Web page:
11024 S. Bell Avenue
Chicago, IL 60643
Rev. Dr. Joel Mitchell, Pastor
Reflection December 2, 2018
"Jesus is Coming Again" - by Rev. Dr. Thomas Aldworth
Advent is the sacred season when we prepare to celebrate Jesus’ birth so long ago in Bethlehem. But it’s also the sacred season when we await Jesus’ return to us! As Christians we look back to the Nativity but we also look forward to the Return.
The Greek word for the second coming of Christ is parousia. It is used 17 times in the New Testament to refer to Jesus’ return. We, Christians, are always waiting for this second coming.
In the early church, expectations for the second coming were very high. The first few generations of Christians were very excited about what they believed was the imminent – the just-around-the-corner – coming back of Jesus Christ. Many of the apostles believed Jesus would return in their lifetime.
For example, Peter in his first Pentecost sermon, quoting the prophet Joel, states that those days would be the last days before Jesus would return. (Acts 2:17) In Peter’s first letter, chapter 4, verse 7, he writes: “The end of all things is near” meaning that Jesus Christ was on his way – to set everything right – to heal everything that was broken.
The Book of Revelation begins by stating the events described in Revelation “must soon take place” because “the time is near.” (Rev.1:1,3) The Letter to the Hebrews begins by announcing people are living “in these last days.” (Hebrews 1:2) To speak of “the last days” means the days before Jesus Christ returns to bring the great reign of God’s justice and peace to the earth.
In every age since Jesus first came to us – Christians have been awaiting the second coming. This has been going on for two thousand years. It continues. But part of the problem is that we Christians no longer live with any heightened expectation of Jesus’ return. How many of us really expect Jesus to come in our lifetimes?
I believe Christianity has lost much of its inherent energy because our expectations of Jesus’ return are so muted. Yet if we Christians are not people expectantly waiting then we have lost the core message of our faith. God is coming to us from the future. God is not coming to us from the past. Let me state this again: God is coming to meet us from the future – not the past.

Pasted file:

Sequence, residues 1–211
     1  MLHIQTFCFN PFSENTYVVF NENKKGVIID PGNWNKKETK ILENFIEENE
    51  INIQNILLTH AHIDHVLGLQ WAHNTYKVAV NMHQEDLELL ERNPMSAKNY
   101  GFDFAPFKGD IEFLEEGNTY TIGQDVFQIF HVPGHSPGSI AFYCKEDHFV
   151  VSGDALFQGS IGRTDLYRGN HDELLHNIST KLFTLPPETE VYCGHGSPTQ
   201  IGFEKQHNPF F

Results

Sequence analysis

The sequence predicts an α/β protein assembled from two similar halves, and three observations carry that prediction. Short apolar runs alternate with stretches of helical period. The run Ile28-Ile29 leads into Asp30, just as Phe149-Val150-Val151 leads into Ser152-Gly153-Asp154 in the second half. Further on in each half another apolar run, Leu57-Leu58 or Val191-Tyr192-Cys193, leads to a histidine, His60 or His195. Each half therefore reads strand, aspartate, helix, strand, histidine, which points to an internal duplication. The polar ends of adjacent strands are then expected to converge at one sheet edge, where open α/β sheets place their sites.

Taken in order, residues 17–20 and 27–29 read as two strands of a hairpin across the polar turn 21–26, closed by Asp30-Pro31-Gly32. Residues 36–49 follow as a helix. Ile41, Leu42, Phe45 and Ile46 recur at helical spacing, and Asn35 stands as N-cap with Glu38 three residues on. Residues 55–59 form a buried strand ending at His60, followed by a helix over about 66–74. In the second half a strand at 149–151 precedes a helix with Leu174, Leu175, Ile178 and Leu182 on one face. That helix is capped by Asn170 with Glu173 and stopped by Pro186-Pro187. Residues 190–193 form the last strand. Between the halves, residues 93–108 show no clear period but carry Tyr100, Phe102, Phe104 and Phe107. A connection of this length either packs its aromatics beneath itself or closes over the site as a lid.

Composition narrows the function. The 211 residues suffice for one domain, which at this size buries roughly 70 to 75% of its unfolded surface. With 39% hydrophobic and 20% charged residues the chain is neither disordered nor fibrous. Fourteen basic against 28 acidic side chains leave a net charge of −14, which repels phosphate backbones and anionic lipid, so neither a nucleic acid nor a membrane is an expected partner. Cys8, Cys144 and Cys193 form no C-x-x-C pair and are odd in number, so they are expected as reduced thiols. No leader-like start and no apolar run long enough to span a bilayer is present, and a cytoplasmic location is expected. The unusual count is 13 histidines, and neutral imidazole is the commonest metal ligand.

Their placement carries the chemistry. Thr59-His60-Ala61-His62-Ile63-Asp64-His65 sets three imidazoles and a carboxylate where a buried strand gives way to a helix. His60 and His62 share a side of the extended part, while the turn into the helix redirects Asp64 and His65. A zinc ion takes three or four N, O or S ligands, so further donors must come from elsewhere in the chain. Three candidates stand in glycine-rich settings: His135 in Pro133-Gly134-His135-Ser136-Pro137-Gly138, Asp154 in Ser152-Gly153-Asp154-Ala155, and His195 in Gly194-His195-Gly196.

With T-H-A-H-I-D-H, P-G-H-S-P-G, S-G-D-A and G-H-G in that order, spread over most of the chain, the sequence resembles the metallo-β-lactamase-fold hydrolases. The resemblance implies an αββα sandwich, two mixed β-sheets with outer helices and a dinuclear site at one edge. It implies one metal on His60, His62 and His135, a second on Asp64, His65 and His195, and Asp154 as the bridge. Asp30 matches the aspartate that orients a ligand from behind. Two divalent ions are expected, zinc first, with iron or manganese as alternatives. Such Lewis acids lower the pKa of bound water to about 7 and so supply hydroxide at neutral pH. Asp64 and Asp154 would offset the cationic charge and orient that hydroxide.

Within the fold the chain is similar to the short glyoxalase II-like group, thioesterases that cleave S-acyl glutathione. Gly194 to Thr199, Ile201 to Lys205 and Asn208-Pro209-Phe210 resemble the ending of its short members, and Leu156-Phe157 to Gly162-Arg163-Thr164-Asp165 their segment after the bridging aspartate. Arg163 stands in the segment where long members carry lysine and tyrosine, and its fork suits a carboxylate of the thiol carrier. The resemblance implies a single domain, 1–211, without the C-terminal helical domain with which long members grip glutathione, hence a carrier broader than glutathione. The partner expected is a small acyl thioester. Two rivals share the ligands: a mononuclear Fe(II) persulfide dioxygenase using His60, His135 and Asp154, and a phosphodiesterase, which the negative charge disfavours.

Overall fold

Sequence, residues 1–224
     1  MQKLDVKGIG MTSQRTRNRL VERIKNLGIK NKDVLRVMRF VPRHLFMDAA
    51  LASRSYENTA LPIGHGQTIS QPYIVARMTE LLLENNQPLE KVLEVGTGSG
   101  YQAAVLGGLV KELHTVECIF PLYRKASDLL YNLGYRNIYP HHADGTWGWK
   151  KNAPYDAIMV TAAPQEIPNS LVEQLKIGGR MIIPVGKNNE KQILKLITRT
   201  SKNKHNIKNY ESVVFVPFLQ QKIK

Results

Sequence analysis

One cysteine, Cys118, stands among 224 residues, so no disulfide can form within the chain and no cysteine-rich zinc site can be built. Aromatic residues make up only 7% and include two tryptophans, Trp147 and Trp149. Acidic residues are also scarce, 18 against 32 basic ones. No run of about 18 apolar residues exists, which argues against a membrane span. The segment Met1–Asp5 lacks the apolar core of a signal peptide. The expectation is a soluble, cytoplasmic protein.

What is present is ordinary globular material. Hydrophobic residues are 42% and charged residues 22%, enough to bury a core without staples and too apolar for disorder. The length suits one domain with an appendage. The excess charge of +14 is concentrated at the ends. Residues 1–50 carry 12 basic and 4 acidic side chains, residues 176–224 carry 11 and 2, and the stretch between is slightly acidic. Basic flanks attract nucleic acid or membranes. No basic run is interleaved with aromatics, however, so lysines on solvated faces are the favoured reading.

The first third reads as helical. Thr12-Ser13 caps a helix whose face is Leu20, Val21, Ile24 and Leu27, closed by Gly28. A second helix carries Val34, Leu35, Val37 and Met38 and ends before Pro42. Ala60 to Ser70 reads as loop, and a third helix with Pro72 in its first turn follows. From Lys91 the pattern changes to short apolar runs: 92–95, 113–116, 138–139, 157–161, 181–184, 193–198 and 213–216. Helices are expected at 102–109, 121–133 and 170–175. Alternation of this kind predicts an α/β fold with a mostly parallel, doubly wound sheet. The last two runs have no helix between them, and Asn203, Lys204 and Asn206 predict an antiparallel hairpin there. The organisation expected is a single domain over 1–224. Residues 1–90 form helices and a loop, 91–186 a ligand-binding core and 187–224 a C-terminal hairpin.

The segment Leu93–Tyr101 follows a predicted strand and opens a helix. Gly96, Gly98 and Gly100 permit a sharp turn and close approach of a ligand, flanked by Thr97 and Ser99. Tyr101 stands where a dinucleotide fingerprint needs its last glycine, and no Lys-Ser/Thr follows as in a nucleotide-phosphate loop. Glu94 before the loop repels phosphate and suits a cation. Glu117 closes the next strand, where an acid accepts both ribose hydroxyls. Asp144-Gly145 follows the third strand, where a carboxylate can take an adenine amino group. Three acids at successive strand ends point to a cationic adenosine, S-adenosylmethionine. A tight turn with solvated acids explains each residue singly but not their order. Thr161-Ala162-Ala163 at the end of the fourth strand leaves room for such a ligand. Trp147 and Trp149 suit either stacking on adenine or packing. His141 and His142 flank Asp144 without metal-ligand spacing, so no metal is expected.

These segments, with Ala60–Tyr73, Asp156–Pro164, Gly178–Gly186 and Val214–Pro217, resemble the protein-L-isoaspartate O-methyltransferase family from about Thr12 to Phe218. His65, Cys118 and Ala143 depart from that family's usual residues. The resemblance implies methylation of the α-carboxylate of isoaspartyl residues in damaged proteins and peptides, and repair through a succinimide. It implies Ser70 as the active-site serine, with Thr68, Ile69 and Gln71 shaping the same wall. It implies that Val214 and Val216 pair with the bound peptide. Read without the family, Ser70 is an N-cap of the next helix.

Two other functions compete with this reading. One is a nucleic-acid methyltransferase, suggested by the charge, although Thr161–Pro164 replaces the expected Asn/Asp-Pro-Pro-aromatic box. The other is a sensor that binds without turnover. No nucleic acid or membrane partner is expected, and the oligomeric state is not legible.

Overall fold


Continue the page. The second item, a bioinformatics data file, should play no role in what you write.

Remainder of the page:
If we get trapped in the past then we easily lose all hope. And this may be why Christianity seems to have little appeal to many of our young. The only Christians who seem excited about the future are those who bring apocalyptic images of destruction and death. This is not what my God is bringing to me. My God – the God revealed in the life, death and resurrection of Jesus Christ – is bringing healing and hope.
When Jesus comes again everything will be transformed. Everything will be made right. Everything and everyone will be made whole. This is why I await the return of Jesus Christ. This is why I look to the future. Our God is coming to meet us with hope, with healing, with justice, with love.
Our young look to the future. When we are five or fifteen or twenty-five – the future calls us forward. We are all hope. But as we age – as we become senior citizens – we can easily get trapped in the past – looking back instead of looking forward. This is one reason why Christianity has lost its appeal. Where is the hope?
Where is the expectation of what God is bringing to us from the future? What do we expect Jesus will do when he returns? He will bring us everything we hope for – everything we desire. He will bring us the great reign of God.
This is what we are waiting for. Not terrible destruction and war. We await the future God holds in God’s mighty hands. As the minister/author, Frederick Buechner, writes: “An ancient Advent prayer supplies us with the words. ‘Give us grace,’ it says, ‘that we may cast off the works of darkness and put upon us the armor of light.’ We who live much of the time in the darkness are waiting not just at Advent, but at all times for the advent of light, of that ultimate light that is redemptive and terrifying at the same time. It is redemptive because it puts an end to the darkness, and that is why it is terrifying because for so long, for all our lives, the darkness has been home, and because to leave home is always cause for terror.”
Advent is the season when we pay special attention to our waiting. We look back – so we might look forward. We are always waiting for Jesus Christ to come again. After all, the final words of the Bible are the prayer: “Come, Lord Jesus!” (Rev. 22:20) This is the prayer that should always be found on the lips of every disciple. This prayer is our deepest prayer – our deepest longing – our deepest desire.
We wait. But as Buechner cautions us: “To wait for Christ to come in his fullness is not just a passive thing, a pious, prayerful, churchly thing. On the contrary, to wait for Christ to come…is above all else – to act in Christ’s stead as fully as we know how. To wait for Christ is – as best we can – to be Christ to those who (most) need us to be Christ to them and to bring them … Christ’s healing and hope because unless we bring it, it may never be brought at all.”
Let’s ponder this truth deeply, we’re called by Jesus, our Good Shepherd, to be Jesus to those most in need of Jesus, to bring the healing and hope of Jesus to those most in need of this hope and healing. Maybe, just maybe, Jesus is delaying his coming because we, like John the Baptist of old, need to prepare the way for Jesus.
What if this is the case? What if we – a meager but mighty band of disciples at Morgan Park American Baptist Church – have been called – with all believers – to prepare the world for the second coming of Jesus Christ? We prepare the way by being – as best we can – disciples of hope in our hope-depleted world – disciples of healing in our sorely unwell world!